David Mermelstein is an AwardsLine contributor.
London-born actress Rachel Weisz first gained prominence as Brendan Fraser’s love interest in Universal’s big-budget reboot The Mummy (1999), a part she reprised in The Mummy Returns (2001). But it was her role … Read More »
With all eyes focused on Lionsgate’s The Hunger Games this weekend, not many will notice Music Box Films’ quiet limited (NY, LA, Miami) launch of their 2011 Toronto Film Festival pickup The Deep Blue Sea. It’s the first narrative film in over a decade from British director Terence Davies — his last was 2000′s The House Of Mirth – and stars Academy Award winner Rachel Weisz in another Oscar-bait role. Davies did do a highly regarded 2008 documentary, Of Time And The City, in the long interim between narrative projects.
With an impressive 84% fresh rating at Rotten Tomatoes and major raves today from the NY and LA Times among others, Weisz and the film are winning the kind of top reviews that Oscar voters usually notice. In fact, Music Box was toying with the idea of opening the heavy relationship drama for a week in December in order to qualify for the last Oscars but finally decided it was not in the film’s best interests to rush it out there — especially with such a competitive Best Actress race already going on. Plus, Weisz had another potential awards role with the August release The Whistleblower, so it might have just confused things, though as it turned out the Samuel Goldwyn Co did not end up campaigning Whistleblower in any significant way. A March opening for Deep Blue Sea is a tough time for releasing Oscar contenders and hoping they will be remembered. Nevertheless Weisz’s emotionally naked performance as a 1950′s-era woman caught in an unsatisfying marriage and embarking on a torrid affair with a younger man (played by War Horse’s Tom Hiddleston) is the kind of thing actors crave, and it’s certainly one of the few female roles of any real substance to surface at this early point in the year. Read More »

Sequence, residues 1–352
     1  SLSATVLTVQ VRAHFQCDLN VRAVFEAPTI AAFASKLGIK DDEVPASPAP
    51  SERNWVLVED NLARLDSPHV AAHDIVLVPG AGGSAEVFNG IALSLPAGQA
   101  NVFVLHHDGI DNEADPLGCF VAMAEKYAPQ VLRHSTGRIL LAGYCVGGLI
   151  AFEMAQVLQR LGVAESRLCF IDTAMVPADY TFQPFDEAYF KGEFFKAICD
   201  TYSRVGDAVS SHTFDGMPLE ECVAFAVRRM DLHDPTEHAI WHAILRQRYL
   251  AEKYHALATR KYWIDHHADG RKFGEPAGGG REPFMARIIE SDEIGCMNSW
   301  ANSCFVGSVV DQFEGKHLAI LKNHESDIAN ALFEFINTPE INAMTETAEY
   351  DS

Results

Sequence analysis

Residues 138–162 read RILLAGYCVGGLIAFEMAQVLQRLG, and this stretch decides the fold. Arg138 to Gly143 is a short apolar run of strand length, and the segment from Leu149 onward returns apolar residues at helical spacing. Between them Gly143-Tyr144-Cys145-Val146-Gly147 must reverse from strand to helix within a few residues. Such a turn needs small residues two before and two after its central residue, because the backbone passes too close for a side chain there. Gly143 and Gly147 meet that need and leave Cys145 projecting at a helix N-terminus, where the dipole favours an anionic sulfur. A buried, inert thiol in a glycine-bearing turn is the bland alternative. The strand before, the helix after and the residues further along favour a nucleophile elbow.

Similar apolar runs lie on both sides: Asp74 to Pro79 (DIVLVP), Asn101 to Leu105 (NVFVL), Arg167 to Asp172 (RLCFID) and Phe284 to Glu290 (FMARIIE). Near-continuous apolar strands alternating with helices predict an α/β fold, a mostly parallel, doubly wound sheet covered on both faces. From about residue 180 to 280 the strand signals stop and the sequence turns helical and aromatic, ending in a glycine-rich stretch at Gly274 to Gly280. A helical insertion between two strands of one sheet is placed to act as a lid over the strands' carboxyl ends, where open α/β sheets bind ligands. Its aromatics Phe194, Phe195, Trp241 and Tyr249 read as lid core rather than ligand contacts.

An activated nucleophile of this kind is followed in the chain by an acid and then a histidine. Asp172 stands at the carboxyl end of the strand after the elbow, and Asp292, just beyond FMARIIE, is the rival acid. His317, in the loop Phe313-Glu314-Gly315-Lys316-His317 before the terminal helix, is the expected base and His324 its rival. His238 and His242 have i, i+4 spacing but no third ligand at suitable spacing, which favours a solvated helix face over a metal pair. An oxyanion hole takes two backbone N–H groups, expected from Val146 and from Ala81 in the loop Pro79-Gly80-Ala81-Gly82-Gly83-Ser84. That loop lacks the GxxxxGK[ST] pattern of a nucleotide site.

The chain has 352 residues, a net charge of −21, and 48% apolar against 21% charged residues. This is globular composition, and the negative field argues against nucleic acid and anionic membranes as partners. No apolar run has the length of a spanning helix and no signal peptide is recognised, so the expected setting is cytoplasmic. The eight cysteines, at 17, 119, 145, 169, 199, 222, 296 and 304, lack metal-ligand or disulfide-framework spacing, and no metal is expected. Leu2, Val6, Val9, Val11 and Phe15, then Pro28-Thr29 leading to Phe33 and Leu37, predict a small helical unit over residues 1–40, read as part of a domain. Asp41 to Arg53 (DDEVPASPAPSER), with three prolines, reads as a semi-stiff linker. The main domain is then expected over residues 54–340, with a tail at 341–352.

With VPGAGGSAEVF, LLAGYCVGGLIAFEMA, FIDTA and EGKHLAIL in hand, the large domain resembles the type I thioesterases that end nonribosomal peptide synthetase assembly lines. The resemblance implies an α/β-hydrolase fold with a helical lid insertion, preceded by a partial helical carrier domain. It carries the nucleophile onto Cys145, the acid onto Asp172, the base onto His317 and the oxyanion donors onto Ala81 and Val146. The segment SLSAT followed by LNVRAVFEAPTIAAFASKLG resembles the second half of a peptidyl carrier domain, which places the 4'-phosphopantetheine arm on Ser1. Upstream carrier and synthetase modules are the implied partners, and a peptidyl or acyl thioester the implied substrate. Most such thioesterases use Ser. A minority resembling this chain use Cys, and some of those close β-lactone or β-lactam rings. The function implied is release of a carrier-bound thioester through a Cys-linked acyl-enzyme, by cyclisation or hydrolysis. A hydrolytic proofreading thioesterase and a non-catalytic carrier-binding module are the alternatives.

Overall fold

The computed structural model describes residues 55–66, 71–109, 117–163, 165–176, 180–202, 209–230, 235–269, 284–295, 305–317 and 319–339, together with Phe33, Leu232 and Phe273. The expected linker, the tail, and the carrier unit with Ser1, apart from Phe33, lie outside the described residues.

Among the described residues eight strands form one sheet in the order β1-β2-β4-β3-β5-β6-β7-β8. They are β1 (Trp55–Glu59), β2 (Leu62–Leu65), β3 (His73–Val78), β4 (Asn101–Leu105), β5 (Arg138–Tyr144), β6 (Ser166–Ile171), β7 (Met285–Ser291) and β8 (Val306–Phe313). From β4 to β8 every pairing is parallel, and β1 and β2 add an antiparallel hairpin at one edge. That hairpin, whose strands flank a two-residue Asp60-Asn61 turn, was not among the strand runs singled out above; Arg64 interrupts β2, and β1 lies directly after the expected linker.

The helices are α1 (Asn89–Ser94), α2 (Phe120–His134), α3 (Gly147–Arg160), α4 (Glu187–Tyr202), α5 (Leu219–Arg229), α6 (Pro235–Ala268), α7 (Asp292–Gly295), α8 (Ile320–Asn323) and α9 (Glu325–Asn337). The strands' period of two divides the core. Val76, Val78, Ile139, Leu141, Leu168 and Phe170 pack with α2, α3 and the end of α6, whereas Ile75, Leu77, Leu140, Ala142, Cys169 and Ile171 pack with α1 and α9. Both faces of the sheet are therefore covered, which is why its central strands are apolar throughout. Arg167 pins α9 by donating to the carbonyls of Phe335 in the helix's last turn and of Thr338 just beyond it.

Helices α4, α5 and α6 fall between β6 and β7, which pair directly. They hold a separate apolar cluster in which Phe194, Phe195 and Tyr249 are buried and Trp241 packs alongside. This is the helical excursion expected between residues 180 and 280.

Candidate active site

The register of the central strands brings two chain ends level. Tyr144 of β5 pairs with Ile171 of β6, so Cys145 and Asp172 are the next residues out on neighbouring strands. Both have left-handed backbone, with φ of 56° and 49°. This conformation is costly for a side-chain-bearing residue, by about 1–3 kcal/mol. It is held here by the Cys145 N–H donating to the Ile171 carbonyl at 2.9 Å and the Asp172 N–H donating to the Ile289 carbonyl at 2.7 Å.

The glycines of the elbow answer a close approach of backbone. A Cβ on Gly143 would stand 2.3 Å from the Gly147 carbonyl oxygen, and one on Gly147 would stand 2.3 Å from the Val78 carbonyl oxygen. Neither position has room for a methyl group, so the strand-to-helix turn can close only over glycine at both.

Here’s a clip from The Deep Blue Sea, adapated and directed by Terence Davies. The screen version of Terence Rattigan’s play stars Rachel Weisz, Tom Hiddleston and Simon Russell Beale. The film will open the 55th BFI London Film Festival on October 27 and hit UK theaters on Nov. 25. … Read More »
BFI London Film Fest Opens With ’360′ From Fernando Meirelles
The Deep Blue Sea starring Rachel Weisz (who also stars in the festival’s opening-night film, 360), Tom Hiddleston, and Simon Russell Beale will close the 55th … Read More »
EXCLUSIVE: Fulcrum Media Finance, the London- and Sydney-based film and TV financier, has closed its first wholly British deal. Rachel Weisz stars in Davies’ new screen version of Terence Rattigan’s The Deep Blue Sea. Shooting on the UK Film Council and Film4 backed project begins in November. Tom Hiddleston will play Weisz’s reprobate RAF pilot lover and Simon Russell Beale her stolid husband. Fulcrum is cash-flowing the UK tax credit, worth 20% of the budget. In the movie business, that’s as risk free as you can get.
The financier hopes to finance 24 UK projects a year. Fulcrum is co-owned by Iain Canning and Emile Sherman, producers of Oscar-tipped The King’s Speech. Fulcrum offers to lend up to 95% of the value of the tax credit. Until now the financier has been financing either wholly Australian films or Australian/UK co-productions such as Oranges and Sunshine and Triangle. Canning tells me that UK producers should welcome working with a financier who’s a filmmaker too. Fulcrum says it will undercut banks such as Barclays and Coutts that offer this kind of finance. “As producers ourselves, we know filmmakers just want financiers to be straightforward with them and just get the job done,” Canning tells me. Read More »
She’s in advanced talks to play the wife in British director Terence Davies’ adaptation of the 1952 play The Deep Blue Sea, says the Daily Mail. Even today, Terrance Rattigan’s script feels like wrenching stuff. Weisz would play a woman … Read More »